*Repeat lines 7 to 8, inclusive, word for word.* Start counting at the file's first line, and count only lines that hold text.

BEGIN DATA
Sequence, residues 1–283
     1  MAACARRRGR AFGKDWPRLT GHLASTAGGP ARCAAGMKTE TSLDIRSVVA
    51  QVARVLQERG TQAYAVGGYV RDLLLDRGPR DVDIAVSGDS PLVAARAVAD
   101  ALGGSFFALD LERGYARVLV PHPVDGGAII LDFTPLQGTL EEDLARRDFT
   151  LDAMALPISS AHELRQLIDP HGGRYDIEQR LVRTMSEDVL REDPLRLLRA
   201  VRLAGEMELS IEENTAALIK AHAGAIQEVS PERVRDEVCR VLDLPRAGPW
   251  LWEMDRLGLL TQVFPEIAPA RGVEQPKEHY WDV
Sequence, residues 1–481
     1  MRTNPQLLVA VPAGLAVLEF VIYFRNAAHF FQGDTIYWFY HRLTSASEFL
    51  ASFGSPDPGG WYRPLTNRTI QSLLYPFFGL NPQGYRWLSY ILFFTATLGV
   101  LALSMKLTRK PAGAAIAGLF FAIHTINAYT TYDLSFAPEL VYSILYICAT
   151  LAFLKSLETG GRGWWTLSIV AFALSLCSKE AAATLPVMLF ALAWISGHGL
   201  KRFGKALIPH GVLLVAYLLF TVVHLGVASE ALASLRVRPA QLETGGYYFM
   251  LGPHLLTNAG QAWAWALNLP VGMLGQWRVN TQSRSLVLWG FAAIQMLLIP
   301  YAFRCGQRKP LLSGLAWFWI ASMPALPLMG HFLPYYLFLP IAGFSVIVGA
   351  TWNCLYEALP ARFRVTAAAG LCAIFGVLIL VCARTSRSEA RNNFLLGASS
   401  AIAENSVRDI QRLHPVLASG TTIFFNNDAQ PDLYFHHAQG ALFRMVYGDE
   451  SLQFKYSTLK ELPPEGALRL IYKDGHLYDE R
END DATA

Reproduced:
   251  LWEMDRLGLL TQVFPEIAPA RGVEQPKEHY WDV
Sequence, residues 1–481